The Return of Moral Equivalence

by J. Peter Pham

During the latter stages of the Cold War, one school of ethical analysis, ultimately labeled as “moral equivalence” by the late Jeane Kirkpatrick, measured Western liberal democracies against utopian standards in a radical critique which redefined the political discourse, erasing distinctions between the Soviet Union and its satellites on the one hand and the United States and its allies on the other. In short, the world was divided into two “morally equivalent” spheres, each led by a superpower which perpetrated equally reprehensible deeds in its struggle for global supremacy (although somehow those of the U.S., by dint of its greater openness as a society, generally received greater scrutiny). As a result, according to those who subscribed to this vision, the “free world” had no moral standing to criticize the abuses occurring behind the “Iron Curtain.”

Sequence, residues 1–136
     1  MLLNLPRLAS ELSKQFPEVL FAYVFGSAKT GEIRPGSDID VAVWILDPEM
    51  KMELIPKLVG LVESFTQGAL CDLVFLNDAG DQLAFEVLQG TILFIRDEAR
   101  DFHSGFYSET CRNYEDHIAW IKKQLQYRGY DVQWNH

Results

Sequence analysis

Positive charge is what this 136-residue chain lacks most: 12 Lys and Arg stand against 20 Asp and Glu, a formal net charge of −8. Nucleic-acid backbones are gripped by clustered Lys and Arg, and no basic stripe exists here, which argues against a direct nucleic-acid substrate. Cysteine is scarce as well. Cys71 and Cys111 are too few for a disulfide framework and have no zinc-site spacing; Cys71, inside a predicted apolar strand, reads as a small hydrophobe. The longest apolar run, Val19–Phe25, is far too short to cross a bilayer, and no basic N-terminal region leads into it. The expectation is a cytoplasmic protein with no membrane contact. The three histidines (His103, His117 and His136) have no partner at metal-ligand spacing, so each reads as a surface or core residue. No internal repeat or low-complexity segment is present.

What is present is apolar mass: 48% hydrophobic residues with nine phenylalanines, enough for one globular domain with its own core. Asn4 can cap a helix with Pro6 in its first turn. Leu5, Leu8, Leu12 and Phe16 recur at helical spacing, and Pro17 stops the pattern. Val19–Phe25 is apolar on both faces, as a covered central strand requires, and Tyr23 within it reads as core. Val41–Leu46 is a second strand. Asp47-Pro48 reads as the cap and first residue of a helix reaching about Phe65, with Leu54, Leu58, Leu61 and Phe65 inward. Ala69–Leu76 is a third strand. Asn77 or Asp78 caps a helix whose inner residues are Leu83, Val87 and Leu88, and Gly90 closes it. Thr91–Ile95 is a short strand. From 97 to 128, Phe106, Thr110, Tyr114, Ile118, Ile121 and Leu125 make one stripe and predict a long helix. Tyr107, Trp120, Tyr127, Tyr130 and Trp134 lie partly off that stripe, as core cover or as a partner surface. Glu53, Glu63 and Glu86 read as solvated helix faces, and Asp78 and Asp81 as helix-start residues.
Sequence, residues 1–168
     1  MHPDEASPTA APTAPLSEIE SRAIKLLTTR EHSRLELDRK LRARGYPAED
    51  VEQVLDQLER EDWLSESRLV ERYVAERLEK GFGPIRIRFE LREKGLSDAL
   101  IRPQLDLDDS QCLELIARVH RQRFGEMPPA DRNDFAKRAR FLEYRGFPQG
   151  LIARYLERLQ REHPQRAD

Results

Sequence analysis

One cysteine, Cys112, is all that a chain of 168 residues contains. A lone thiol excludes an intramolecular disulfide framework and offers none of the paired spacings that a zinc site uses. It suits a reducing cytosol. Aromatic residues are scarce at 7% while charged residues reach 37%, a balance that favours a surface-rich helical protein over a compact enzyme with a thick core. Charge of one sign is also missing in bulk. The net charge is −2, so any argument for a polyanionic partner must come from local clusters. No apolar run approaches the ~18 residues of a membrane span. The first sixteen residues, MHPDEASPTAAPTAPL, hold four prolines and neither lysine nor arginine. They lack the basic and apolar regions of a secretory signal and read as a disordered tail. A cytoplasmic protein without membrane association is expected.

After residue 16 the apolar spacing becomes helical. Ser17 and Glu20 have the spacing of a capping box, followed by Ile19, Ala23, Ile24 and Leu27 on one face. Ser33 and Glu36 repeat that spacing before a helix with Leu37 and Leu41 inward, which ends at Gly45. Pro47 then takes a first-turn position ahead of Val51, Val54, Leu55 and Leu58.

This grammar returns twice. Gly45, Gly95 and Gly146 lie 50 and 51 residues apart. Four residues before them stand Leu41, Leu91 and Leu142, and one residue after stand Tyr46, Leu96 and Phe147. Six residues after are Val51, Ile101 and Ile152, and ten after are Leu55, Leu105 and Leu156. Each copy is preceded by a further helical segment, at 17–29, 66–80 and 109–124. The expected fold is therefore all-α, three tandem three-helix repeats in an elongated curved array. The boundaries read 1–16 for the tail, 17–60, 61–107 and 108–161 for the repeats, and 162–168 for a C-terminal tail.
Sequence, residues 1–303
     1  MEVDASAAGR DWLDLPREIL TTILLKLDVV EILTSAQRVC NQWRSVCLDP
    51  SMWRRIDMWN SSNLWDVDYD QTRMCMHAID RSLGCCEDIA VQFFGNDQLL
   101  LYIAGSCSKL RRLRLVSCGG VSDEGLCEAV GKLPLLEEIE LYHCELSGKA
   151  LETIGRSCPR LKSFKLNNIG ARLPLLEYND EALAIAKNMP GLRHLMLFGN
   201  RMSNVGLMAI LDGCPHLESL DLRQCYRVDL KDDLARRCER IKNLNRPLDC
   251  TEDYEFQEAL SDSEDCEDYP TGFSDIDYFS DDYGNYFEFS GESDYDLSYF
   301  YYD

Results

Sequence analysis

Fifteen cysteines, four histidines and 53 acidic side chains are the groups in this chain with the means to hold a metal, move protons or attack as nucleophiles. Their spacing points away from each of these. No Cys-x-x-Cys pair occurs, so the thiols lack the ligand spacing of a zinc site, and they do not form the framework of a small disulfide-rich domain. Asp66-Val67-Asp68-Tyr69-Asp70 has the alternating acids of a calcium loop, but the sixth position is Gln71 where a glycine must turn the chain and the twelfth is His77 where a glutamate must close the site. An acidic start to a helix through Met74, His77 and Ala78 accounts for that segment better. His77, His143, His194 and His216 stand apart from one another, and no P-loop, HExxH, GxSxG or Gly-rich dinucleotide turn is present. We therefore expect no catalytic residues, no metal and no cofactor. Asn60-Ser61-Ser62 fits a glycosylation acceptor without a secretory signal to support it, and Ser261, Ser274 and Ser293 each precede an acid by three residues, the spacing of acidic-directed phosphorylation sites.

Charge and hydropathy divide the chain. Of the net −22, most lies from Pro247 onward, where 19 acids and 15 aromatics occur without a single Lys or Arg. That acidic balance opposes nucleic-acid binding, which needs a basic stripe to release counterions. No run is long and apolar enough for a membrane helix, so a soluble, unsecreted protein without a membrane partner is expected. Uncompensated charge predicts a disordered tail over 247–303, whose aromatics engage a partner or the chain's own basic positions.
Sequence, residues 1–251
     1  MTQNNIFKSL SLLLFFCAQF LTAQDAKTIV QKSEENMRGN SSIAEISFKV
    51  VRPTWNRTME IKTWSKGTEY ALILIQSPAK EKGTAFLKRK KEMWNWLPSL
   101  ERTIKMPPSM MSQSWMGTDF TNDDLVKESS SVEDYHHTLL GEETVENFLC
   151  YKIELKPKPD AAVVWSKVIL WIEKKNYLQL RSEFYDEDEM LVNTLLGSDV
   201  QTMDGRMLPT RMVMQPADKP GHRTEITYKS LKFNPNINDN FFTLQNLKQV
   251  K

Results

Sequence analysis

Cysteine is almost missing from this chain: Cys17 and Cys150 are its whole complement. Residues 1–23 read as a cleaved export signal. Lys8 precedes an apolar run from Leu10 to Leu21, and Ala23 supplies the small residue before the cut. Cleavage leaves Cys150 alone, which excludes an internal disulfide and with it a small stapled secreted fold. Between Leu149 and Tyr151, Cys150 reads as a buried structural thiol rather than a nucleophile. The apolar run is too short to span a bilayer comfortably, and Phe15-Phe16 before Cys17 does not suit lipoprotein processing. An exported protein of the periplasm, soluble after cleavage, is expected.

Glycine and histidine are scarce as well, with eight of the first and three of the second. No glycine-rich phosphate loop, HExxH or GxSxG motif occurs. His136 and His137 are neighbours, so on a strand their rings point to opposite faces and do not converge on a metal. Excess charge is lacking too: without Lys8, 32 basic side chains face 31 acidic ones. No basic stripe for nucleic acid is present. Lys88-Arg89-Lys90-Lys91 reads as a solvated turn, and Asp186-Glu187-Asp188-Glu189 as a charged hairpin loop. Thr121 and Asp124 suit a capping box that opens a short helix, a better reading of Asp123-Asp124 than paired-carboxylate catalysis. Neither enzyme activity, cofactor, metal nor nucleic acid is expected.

One would have assumed that the collapse of the “Iron Curtain” had consigned this doctrine to history’s dustbin, but it has enjoyed something of a revival in the 21 st century. This time, the doctrine has been renewed among those who hold romantic notions of “Third Worldism,” represented by any regime which has attracted critical scrutiny of the Western-dominated international system, rather than with the fantasies of scientific Marxism incarnate in the USSR. Thus Professor Mahmood Mamdani, in drawing similarities between Iraq and Darfur, asks:

The estimate of the number of civilians killed over the past three years is roughly similar. The killers are mostly paramilitaries, closely linked to the official military, which is said to be their main source of arms. The victims too are by and by largely identified as members of groups, rather than targeted as individuals. But the violence in the two places is named differently. In Iraq, it is said to be cycle of insurgency and counter-insurgency; in Darfur, it is called genocide. Why the difference? Who does the naming? Who is being named? What difference does it make? (§1).

Throughout the essay, the inexorable “logic” of moral equivalence resonates as the argument artfully directs attention away from an obvious evil—the catastrophic humanitarian disaster in Darfur which is intended as such, whether one chooses to call it “genocide” or not—in order to refocus it on a series of less obvious supposed evils which the author views as a greater threat to his world view: America, the West, and the normative worldview of which they are the bearers.